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August 2020

Street Life

Trick CyclistPerfecting the wheelieing technique. Oakgrove, Milton Keynes.

The Monday Photo

Saturday the 22nd of August was World Street Photography day, but what is street photography? It’s the photography of people in public places; mostly in the streets, but it could be on the beach, at the railway station, or in any public place.

The very best street photography shows us something of life. It isn’t an easy thing to do, and there are many failures. A fraction of a second late, this week’s photo would have been a failure. As it is, it works.

The boy’s tongue is curled in concentration. The straps of the bicycle helmet, the bicycle seat, his raised knee and his hand out for balance all tell the story, but if I had missed the tongue, the photo would have been useless.

This isn’t the first time I’ve taken a photo like this; there was a similar one on the blog last year. I can’t deny there’s a little bit of luck involved, but so far I’ve been lucky like this twice; I think there’s a little bit of skill involved.

I’ve just had a look at last year’s photo. The subject is going left, not right, but until this moment I hadn’t realised how similar the two photos are!

The idea of the day is that photographers go out and attempt some street photography. It’s not the taking of a good photo that’s the idea, but just to get out and try to get a good one, even if you don’t succeed. So out I went. I enjoyed it.

I used to do quite a lot of street photography, but I hadn’t really done very much in years, apart from a few for The Distance Project (see the previous post). I think I’ll do some more now.

The 22nd of August was chosen because it was the birthday of the most famous and accomplished of all street photographers, Henri Cartier-Bresson.

Cartier-Bresson was born in France in 1908. He took up photography seriously in 1931 and bought one of the new Leica cameras. Compact and discreet, it was just right for taking unposed photos on the streets.

The point of taking unposed pictures is not to catch somebody out, it is so that they act unselfconsciously. Only then can a true picture of them be made.

The photographer also has to take a nicely composed and well timed photo, or people will not bother to study it.

Older street photography is also a valuable historical record; think of all those street scenes you sometimes see from only 25 or 30 years ago. Only when you see them do you realise how much has changed in the street and the people.

Cartier Bresson passed away in 2004 aged 95, but street photography still goes on.


The Distance Project 16

Social Distancing Project 137I followed some of the temple folk up to the pagoda. In any other year I would have expected at least a hundred people. Officially, there were just ten.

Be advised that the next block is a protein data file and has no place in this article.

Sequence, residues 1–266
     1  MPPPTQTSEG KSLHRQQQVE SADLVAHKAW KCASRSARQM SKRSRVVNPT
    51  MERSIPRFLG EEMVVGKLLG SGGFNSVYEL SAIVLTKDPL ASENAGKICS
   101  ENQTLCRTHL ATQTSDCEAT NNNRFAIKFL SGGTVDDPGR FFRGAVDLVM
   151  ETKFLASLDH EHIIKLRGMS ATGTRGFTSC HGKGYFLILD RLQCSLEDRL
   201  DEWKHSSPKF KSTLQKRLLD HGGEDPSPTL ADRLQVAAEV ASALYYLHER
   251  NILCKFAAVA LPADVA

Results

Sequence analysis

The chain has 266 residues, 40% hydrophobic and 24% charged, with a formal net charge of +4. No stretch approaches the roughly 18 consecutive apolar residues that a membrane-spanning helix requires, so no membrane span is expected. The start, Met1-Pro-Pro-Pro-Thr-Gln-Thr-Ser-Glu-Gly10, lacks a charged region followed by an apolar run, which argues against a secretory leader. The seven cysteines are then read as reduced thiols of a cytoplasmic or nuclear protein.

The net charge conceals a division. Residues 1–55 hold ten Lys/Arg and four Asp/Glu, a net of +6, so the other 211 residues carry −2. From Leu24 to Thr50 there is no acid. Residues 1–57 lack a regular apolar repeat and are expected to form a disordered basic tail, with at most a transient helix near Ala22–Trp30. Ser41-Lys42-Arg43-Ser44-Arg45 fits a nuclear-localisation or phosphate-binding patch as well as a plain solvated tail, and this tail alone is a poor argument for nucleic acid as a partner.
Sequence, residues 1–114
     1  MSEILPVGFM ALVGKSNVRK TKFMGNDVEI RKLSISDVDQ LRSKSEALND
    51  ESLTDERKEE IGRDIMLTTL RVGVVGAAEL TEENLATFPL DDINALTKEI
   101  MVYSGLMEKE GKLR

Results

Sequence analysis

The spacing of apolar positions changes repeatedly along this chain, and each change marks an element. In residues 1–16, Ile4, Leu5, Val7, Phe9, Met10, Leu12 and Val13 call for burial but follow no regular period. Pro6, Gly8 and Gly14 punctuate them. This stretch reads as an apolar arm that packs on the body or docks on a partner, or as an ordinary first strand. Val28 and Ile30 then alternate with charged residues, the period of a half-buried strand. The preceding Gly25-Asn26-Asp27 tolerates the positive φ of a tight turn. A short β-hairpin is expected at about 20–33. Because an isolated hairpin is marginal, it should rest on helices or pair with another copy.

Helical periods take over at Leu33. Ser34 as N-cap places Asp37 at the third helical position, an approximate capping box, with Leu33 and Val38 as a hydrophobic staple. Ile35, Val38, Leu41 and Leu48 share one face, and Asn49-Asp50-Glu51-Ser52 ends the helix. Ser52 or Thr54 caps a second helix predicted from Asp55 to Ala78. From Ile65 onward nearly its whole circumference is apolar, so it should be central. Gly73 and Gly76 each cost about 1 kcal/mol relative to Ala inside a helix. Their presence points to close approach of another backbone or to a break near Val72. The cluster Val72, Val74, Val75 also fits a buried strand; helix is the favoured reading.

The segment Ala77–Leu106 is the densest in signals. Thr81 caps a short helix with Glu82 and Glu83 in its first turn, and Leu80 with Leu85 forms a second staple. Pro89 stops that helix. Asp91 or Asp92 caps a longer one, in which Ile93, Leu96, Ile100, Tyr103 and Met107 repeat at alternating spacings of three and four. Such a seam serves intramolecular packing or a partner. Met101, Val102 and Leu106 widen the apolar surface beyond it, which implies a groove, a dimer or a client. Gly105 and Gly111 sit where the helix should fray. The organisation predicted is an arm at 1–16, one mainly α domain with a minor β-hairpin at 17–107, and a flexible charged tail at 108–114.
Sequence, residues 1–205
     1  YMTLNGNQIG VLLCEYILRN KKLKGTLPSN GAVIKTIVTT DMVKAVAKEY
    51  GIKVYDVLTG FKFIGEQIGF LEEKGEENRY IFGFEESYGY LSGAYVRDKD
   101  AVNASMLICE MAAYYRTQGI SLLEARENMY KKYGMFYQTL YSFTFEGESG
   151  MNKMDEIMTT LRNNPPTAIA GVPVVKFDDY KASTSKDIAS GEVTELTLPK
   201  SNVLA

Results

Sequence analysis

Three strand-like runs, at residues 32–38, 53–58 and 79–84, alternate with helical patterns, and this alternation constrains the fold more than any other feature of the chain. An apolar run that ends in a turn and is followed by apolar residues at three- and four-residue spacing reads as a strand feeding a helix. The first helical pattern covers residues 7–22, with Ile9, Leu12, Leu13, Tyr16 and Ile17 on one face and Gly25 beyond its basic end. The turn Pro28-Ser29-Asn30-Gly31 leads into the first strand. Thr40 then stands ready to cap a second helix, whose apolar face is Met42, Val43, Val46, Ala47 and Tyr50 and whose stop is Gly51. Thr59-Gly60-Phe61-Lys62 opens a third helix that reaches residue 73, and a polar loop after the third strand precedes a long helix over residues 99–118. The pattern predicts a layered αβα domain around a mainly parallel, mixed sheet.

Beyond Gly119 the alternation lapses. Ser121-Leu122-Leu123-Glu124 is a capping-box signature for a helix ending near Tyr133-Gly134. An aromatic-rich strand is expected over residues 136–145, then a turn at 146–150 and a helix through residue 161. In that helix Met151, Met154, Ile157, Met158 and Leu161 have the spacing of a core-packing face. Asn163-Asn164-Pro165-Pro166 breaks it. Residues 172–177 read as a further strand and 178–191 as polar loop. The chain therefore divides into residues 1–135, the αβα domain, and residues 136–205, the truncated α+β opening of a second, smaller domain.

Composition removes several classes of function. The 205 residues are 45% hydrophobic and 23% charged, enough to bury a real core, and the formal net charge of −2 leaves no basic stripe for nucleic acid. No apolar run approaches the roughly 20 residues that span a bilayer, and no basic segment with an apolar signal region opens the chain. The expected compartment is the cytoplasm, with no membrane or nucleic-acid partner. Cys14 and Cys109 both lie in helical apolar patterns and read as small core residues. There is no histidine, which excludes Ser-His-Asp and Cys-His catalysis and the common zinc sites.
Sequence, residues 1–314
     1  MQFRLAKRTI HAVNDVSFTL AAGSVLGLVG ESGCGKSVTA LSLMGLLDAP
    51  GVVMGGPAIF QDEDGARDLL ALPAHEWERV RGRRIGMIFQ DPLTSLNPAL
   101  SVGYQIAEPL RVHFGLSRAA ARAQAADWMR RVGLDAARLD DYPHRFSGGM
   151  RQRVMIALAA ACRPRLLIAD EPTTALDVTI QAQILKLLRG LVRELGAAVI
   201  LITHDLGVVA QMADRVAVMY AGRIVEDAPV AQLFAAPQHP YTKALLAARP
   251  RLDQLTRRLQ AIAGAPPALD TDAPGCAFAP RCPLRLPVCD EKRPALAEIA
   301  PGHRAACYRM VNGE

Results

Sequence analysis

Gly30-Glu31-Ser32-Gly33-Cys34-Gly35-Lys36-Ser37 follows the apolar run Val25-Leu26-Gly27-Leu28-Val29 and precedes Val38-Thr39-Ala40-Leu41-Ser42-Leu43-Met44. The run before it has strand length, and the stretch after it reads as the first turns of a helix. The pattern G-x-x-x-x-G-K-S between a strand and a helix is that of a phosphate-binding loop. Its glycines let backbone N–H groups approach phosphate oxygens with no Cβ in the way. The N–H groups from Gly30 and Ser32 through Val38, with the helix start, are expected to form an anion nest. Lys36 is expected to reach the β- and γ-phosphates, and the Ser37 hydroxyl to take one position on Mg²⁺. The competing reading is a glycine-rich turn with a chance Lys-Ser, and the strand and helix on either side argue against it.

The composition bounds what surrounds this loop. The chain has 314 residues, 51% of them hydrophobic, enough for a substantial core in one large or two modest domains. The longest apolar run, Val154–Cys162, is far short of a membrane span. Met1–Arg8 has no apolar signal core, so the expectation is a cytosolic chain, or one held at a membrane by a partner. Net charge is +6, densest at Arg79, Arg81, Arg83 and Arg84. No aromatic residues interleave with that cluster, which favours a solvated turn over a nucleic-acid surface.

The Day the Bomb Dropped

The 6th of August is a day burned into memory. On that day in 1945, the first atomic bomb used in war was dropped on Hiroshima in Japan.

That’s why on the 6th of August every year there’s a ceremony at the Peace Pagoda in Milton Keynes, to commemorate the victims of that day. Volunteers at the Buddhist temple call it the Lantern Ceremony.

After prayers and chanting, peace lanterns are carried down to the lake and floated out across the water as the sun sets behind the pagoda. The light in each lantern is meant to, aided by prayer, guide the souls of victims in the right direction, in order to ease their suffering.

Buddhism is a most compassionate religion.

Six weeks earlier, I’d gone, for the Distance Project, to see what would happen on the day of the long planned 40th Peace Pagoda Ceremony. I was surprised and pleased to find a very small, invite only ceremony, although the event had been officially cancelled because of the lockdown. It was all they could do.

I expected a similar scene when I went to the Lantern Ceremony and that’s what I found, but a few more people had turned up to the pagoda on the off-chance, too. Still, there were nowhere near as many there as usual. All around were other groups and small gatherings doing their own thing; exercising or picnicing in the public park.

This week I’m just showing you the first part of the ceremony, up at the Peace Pagoda. I’ll show you the second part of the ceremony down at the lake, next week.

All the posts from the Distance Project can be found here. The project is to photograph what people are doing differently under lockdown.

 

Social Distancing Project 138Setting up was still going on. Chairs were well spread out. I think that’s a tai chi group in the background.

Continue reading "The Distance Project 16" »


Getting a Rocket

Thunderbird missile

The Monday Photo

This is a twenty feet long guided missile, but what is it doing in a business park at Westcott?